The quality and finish of the interior is another aberration from what we have come to expect from Tata over all these years. After spending a couple of months with the car, I am now used to hearing those entering the Bolt’ cabin for the first time exclaiming about it being ‘so not Tata like’. The all-black interior, while somewhat masks the enormous space inside, it works towards making the cabin look plush and premium. And that touch-screen enabled Harman system still rocks the segment by a huge margin – it is the best sounding audio system out there.
The seats are wide and comfy, with great under-thigh support, offering fatigue-less drives even over long distances. The presence of a height adjustable driver seat and rake adjustable steering further helping the cause. Steering mounted controls also add their bit in aiding convenience, though we honestly believe those buttons could have been more ergonomically designed. Rear seats are wide and comfy, offering segment topping space, both in terms of head, and leg room. The contoured door handles on the inside aid comfort of the passengers on the sides immensely.
The on board computer offering real time efficiency data is a great feature, though the average fuel efficiency numbers that emerge on that screen haven’t been too enticing. The car has been returning a number of about 11-12kmpl, with mostly city driving, which, though not exactly disappointing, isn’t too great either.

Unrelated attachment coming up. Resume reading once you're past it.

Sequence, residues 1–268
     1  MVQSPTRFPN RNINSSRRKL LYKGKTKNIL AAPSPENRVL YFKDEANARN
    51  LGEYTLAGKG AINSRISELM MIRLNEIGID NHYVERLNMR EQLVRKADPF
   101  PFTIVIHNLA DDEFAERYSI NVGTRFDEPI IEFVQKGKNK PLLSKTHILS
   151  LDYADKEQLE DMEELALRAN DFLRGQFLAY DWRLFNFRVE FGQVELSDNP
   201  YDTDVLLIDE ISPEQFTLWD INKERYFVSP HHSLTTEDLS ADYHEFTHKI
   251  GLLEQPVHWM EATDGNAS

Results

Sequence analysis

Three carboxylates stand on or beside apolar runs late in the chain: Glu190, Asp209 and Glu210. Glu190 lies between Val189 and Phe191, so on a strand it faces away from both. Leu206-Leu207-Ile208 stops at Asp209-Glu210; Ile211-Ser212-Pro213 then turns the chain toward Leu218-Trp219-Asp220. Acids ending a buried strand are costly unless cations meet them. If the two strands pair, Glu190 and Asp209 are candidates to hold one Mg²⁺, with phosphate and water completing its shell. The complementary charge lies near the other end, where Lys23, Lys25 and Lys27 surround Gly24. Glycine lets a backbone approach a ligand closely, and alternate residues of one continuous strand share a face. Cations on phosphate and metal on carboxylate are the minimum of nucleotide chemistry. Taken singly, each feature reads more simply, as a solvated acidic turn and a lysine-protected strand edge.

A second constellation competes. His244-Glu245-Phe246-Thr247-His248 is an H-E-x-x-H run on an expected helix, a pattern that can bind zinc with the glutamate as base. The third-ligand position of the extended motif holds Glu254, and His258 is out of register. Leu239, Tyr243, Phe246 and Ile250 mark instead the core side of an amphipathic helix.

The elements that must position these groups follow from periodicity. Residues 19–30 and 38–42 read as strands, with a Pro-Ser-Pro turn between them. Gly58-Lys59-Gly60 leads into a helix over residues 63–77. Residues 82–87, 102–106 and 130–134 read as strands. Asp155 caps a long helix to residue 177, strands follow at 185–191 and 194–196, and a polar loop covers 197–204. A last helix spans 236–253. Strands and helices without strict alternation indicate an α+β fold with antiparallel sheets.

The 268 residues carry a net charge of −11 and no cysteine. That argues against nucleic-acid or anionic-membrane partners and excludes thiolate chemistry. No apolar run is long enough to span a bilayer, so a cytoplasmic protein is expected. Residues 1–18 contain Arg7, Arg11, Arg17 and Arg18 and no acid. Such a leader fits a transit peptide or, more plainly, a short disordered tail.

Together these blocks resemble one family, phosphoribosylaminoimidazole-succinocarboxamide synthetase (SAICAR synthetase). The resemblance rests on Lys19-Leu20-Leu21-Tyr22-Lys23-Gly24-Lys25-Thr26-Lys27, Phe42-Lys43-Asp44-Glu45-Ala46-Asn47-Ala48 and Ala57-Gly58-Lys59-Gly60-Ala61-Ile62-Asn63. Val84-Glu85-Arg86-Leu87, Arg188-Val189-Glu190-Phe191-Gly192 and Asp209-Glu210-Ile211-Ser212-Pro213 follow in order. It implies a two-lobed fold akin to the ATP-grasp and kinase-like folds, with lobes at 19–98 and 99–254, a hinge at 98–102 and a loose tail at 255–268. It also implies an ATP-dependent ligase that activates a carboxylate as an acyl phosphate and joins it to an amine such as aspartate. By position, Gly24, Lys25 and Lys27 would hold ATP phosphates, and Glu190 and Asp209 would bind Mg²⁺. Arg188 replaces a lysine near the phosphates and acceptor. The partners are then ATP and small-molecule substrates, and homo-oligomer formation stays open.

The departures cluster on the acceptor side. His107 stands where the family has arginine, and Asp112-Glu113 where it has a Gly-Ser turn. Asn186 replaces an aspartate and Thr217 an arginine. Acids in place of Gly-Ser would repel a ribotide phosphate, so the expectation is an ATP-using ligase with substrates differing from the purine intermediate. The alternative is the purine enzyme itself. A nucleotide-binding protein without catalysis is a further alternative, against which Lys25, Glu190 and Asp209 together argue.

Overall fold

That number can be pushed up slightly using the ECO mode, though the car feels decidedly sluggish once you switch to the strangulated straw-pipe mode. The difference in the power delivery moving from ECO to Sport mode is quite marked, though, and you see the revs rising on the tacho instantly for the same throttle input as you toggle modes. The Bolt, however, even with its force inducted engine, is par with class in terms of performance. Don’t expect any fireworks here – it’s an everyday car with great driveability and refinement.
Talking of a few negatives, we still miss some more cubbyholes inside the cabin. There’s only one open space inside the cabin to properly store your wallet – under the handbrake. You’ll keep looking, if you’re trying to find a place to put your smartphone, and will probably end up putting it in the door pockets, which, again, don’t have enough space for a one litre bottle – neither up front nor at the rear.